Pubescent Economy’s Growing Pains




Rare as it may be, it is not utterly absurd to find an informed, informative, conversation in a minibus taxi about policies and lack of government services. It was a Monday, at 8pm, and I was on my way from Megenagna to my home. The taxi fare was five Birr – typical for that time of the day. Had it been regular working hours, it would have been almost half that amount.

Somewhere along the way, though, disagreements arose over a passenger unwilling to pay. His justification: there is no rule, no mandated taxi tariff that says he has to pay five Birr, even at night.

Of course, the passenger was entirely within his rights, which he did not fail to point out. Consequently, the whole argument evolved into one about civil rights. For others – I would say the more informed ones – the culprit was the City Administration’s inefficient provision of services, which is creating disagreements between the service provider (the taxi owner) and the customer (the passengers).

Say, there was a rail line along that route, which would have accommodated one of Addis Abeba’s electric powered trains. A passenger who is unwilling to pay a higher tariff would have that option, while those with deeper pockets can take a taxi. It may even serve as an incentive for taxi owners to tweak their prices – which, as the hours go by, could reach 20 Br – and become creative enough to improve their services.

If only the government was able to cross-subsidise better, collect taxes from both the rich and the poor, and use it to adequately provide basic services for those that could not otherwise afford to pay for them, life would be easier.

The same goes for, say, health services. People could find pre-hospital services pro-bono. But there are those who choose for-profit businesses for better services or since neither NGOs nor public institutions can provide them in plentitude.

A free-market economy exists to ensure that competition endures, but it should not mean everything is a privilege. In such an economy, it is critical for the government to provide transport, telecom, health care, education, housing and water for all its citizens. Universal health care should be a right, much like access to the Internet. But there is no reason to expect an equal quality distribution of the above as principles such as the net neutrality dictate.

In fact, quality of services and products would be tough to ensure if private players are not allowed to provide them as well, side by side the government, with profit as the ultimate incentive to join the market. Thus, the government has to give leeway to the private sector in preparing regulations, especially for those that are providing services and products that otherwise would not have existed.

Night time taxi services by minibuses are one. If the state was to come in and set a tariff, either one similar to the regular daytime fares, or slightly higher, it would wreck the natural synchronicity of demand and supply that currently exists. For if there is a factor that separates getting a taxi after 8pm from getting one 12 hours later in the morning, it is the lack of long lines that eat away at the already low productivity of employees.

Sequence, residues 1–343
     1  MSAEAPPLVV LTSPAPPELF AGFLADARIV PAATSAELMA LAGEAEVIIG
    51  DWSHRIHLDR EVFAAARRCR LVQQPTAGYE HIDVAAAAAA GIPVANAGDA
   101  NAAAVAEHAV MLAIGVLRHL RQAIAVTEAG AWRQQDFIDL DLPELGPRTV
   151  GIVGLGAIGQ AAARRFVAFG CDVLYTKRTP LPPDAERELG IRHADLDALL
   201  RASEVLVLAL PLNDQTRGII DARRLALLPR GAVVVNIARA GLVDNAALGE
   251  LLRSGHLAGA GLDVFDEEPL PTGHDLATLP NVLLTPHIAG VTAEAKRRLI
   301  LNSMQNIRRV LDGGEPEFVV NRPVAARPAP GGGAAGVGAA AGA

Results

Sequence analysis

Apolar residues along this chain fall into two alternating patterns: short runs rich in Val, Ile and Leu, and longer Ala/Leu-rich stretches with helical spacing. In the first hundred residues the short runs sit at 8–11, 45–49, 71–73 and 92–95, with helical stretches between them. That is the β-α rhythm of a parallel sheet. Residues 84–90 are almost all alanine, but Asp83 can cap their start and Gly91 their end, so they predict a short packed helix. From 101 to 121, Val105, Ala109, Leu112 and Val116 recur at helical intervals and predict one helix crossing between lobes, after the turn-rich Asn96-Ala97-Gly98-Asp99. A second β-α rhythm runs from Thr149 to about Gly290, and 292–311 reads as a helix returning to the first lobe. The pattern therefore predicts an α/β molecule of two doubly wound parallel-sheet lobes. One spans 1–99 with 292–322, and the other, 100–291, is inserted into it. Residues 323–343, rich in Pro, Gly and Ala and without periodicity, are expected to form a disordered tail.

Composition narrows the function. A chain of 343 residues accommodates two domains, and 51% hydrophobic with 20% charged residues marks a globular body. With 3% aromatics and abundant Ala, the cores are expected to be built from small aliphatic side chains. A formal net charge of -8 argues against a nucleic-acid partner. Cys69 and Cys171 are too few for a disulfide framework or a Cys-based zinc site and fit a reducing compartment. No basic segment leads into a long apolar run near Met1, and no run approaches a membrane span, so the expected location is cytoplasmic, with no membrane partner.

It is doubtful that taxi owners will be willing to work after hours with lower fares. It is similarly unlikely that commuters would continue to board minibus taxis if prices were too high. A blanket tariff for a set length of a journey would create one of these scenarios, while a flexible one, meaning no set tariff but a negotiated one between commuter and taxi owners, however stressful that may be at times, is the best possible prescription. For a country without adequate infrastructure, number of middle-income earners or provision of services, it is the only option.

Such hurdles are merely growing pains of a developing nation. Like a teenager that just hit puberty – thus has too big a jaw line the rest of his face has still not caught up with – certain things are bound to get ugly. And in traversing these waters, government bodies have to be careful not to make things worse. This is government inefficiency, which should not be made up for by constraining those that are filling the gap, but by allowing them to exist as public sector services are gradually improved.

There is a tendency to want more laws when the going gets tough in Ethiopia. There was a similar argument over private schools that kept hiking monthly fees last year. Again, the outcry was directed at the owners of the schools, when what parents should have protested was the poor state of public schools many are willing to spend a fortune to keep their children out of.

Private players simply see a gap, tend to fill it and keep swelling the cost of their products as long as they deem there is demand willing to pay for it. And as annoying as this may be for customers and users, the private sector will be severely missed if they leave for the sake of a restrictive market.

People should realise this and instead look to the government to better provide for its citizens. Whenever one raises the issue of rights, it is implied that someone has a duty to fulfil them, which more often than not, is a burden that falls squarely on the shoulders of the government.



By Christian Tesfaye
Christian Tesfaye (christian.tesfaye@addisfortune.net) is Fortune's Op-Ed Editor whose interests run amok in both directions of print and audiovisual storytelling.

Published on Jan 13,2018 [ Vol 18 ,No 924]


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